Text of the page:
Front-yard

ttonk(OH 6A)February 14, 2013

Hi all,
I asked a tree question "Which tree will go well with knockout roses?" on the trees forum and it has developed into the whole front yard issue. I'd appreciate any suggestions or advice.

These are pictures of the front yard:

The planting bed:

The planting bed, sideview:

A view from the porch:

Comments I got among many others include:
They are too closely planted to the foundation (I'll move them further out, 4' from the foundation). Extend the bed to the front of the yard. The bed is informal rather than formal. The formation of the boxwood is too formal, uninteresting, and doesn't compliment the house. Mixing out plants will be good. Get a bigger tree on the right corner at least 10' from the house, and a smaller one such as Hydrangea paniculata treeform on a spot marked with "tree 1" below.

This is the current plot map to scale (1 square=2')

And I drew this one reflecting comments (as much as I could digest):

I'd like to do this semi-DIY and more importantly really hope that I'd be able to recycle plants I already have (8 green velvet boxwood, 4 red/double knockout roses.) This was my first-time-ever-in-my-life plant purchase and I'm having hard time letting go. Including the planting costs, they were quite expensive, too. And I do like the combination of boxwood and red roses.
I think my main question is how to move and rearrange those boxwood and roses around. And the in the meantime, I'd like to choose the right trees. More broadly, I wonder what else should I plant there and how do I extend the bed. I like picking up flowers from a nursery in the spring, so I can plant annual plants every year.

This post was edited by ttonk on Thu, Feb 14, 13 at 16:04

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louisianagal(z7bMS)

Oh my goodness how do you sort out all those suggestions and you have quite alot of house and landscape that you could do things with or keep it very simple. I googled "boxwood and knockout roses" and clicked on images. I got alot of good pics and ideas. What has helped me alot is to drive around and look for ideas or since it is winter browse the 'net or go to library or bookstore. spend an evening or afternoon. Keep it simple use a few types of shrubs. It's hard to tell alot from your landscape in winter. Your house is big and you might need bigger scale. If you can afford go bigger. As for the tree, there are hundreds to choose from. Don't have it located where it will totally block your house in a couple years. Or hang over power lines or fall on your house. Having had several big oaks, sweet gums, cypress to be a problem when mature and old, I tend to like smaller trees that get to be 20 to 40 ft not 100 ft tall. Many folks like to get a tree with 3 or 4 season interest, fall color, spring flowers, pretty bark. You'll have to do a bit or research. Be as sure as you can before you move the shrubs if you do. Winter is a good time to move and plant at least in my zone 7. Good luck. Laurie in Mississippi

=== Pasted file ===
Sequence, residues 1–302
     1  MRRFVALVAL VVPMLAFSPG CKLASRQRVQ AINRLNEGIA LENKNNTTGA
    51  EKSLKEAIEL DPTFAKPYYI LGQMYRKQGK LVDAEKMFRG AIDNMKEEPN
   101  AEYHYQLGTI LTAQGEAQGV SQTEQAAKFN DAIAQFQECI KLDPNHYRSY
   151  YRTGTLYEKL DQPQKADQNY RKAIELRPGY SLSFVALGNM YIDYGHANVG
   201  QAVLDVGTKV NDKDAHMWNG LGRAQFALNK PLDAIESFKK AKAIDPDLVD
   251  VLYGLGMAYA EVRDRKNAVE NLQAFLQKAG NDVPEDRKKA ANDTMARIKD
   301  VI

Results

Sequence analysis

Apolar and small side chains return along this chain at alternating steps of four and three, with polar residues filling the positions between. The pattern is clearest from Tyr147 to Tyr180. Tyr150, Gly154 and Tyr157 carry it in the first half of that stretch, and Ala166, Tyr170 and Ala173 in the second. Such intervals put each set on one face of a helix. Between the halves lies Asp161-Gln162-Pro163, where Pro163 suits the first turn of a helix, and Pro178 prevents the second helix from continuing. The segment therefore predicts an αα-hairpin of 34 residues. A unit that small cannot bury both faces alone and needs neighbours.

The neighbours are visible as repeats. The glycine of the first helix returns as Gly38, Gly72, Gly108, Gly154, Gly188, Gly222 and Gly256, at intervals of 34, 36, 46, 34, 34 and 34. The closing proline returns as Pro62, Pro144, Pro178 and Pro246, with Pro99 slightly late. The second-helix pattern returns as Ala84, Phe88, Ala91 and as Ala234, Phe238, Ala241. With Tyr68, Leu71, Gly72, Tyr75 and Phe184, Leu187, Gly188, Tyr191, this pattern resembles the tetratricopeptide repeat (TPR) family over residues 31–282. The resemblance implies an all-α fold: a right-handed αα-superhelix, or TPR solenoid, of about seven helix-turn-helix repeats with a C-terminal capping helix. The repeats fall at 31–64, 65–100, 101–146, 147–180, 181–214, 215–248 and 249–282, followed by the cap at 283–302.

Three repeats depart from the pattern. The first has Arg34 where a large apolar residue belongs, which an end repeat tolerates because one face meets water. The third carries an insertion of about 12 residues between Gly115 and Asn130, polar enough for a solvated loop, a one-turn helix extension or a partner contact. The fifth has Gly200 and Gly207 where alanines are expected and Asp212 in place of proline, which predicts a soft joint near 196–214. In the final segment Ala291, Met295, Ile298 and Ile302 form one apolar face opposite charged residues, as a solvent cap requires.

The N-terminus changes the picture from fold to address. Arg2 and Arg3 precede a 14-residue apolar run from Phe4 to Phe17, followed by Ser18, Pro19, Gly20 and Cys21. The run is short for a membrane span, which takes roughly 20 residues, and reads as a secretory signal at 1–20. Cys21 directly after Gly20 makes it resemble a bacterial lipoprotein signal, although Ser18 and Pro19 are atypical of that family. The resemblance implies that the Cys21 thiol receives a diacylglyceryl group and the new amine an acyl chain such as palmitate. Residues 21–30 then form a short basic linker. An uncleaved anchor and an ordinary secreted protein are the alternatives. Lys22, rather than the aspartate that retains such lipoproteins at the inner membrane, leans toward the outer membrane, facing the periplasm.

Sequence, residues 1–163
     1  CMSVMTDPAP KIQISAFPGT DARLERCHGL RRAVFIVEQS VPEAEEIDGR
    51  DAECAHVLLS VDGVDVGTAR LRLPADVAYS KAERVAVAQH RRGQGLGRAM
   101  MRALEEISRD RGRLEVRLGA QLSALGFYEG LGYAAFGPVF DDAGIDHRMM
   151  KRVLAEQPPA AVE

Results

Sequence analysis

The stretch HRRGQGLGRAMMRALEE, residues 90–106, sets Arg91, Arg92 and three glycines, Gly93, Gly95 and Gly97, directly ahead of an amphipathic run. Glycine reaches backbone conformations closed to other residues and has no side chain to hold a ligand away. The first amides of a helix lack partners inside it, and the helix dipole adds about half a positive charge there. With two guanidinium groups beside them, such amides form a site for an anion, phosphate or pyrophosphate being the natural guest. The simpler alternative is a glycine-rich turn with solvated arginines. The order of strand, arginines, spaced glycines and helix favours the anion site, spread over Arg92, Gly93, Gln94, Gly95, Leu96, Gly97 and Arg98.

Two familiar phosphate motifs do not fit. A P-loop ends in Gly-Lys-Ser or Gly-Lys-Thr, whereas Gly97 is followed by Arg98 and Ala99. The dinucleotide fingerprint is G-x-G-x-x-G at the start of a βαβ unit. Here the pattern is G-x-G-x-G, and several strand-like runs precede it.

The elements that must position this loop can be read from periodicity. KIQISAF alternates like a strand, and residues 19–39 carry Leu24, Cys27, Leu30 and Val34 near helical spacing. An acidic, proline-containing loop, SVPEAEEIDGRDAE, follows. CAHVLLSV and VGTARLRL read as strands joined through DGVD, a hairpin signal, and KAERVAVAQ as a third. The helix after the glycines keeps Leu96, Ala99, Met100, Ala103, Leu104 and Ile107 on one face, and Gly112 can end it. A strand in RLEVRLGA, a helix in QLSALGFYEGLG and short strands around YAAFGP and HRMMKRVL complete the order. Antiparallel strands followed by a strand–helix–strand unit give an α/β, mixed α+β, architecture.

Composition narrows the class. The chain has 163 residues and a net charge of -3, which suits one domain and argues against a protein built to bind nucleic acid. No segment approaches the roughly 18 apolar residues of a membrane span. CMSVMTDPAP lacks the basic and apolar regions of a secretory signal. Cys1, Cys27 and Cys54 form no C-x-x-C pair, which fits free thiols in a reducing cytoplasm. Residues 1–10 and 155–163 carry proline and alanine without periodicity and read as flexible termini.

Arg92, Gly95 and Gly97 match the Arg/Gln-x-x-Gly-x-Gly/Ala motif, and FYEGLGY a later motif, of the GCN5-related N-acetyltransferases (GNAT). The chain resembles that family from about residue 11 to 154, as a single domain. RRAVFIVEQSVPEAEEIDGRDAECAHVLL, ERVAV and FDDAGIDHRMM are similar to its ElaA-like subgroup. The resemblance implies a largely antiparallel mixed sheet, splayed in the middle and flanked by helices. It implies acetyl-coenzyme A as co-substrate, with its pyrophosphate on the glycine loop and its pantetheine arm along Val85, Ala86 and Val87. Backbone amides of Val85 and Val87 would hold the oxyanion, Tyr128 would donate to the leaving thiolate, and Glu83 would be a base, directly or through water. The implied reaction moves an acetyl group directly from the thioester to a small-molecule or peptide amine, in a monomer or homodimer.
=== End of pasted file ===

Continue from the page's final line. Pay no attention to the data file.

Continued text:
Bookmark   February 14, 2013 at 11:58PM
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yardvaark

I'd some day widen the steps and walk approaching the entrance in order for it to be compatable with the size of the house.

I'd ditch the looping curves. (To me, they seem like a whim imposed for no good reason) Instead use sweeping curves that go somewhere. I'd also ditch the little tree (1) position that will cover up a central feature of the house, in favor of a larger tree at the right side of the front yard that will help the house look nestled in rather than sitting lonely on top of the ground. I know the well meaning advice to enclose the walk leading to the front door with plant material is given from all corners--even professionals--but I would resist listening to it and let the grass come to the fore side of the walk. Drive around and observe the "enclosed" arrangement in real life and see what it becomes in a a relatively short time and then, down the road. It's practically a "Do Not Enter" sign.

I'm imposing these ideas on your plan so you can see generally what they look like in that view. Everyone here knows I show the basics. You can adjust, add plants, subdivide shapes (in a geometrically compatible way,) delete, pick species that spins your beanie or whatever you want ... at your own risk, of course.

    Bookmark   February 15, 2013 at 8:38PM
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ttonk(OH 6A)

Thanks!!!! OMG I've never noticed that the steps are so tiny. They are indeed. I knew they didn't look too nice and thought plants in front would be perfect to hide them. Well..my home improvement list is getting indefinitely long. I've just looked up pictures and there are so many pretty front steps, and they all involve some stones or bricks matched well with stones and bricks on foundation and paveways...sigh...
I read the response several times before I fully understood all of your suggestions. I think I agree with most of the points you made. And I'll have to think hard whether I want openness or flowers in front of the steps. I sorta thought enclosure was a good thing but maybe it's not. The house indeed looks like sitting lonely on top of the ground..lol

And Thanks Laurie! Everything you said is so right. I'm googling boxwood & rose pictures, and they just look lovely.

This post was edited by ttonk on Sat, Feb 16, 13 at 2:17

    Bookmark   February 16, 2013 at 1:07AM
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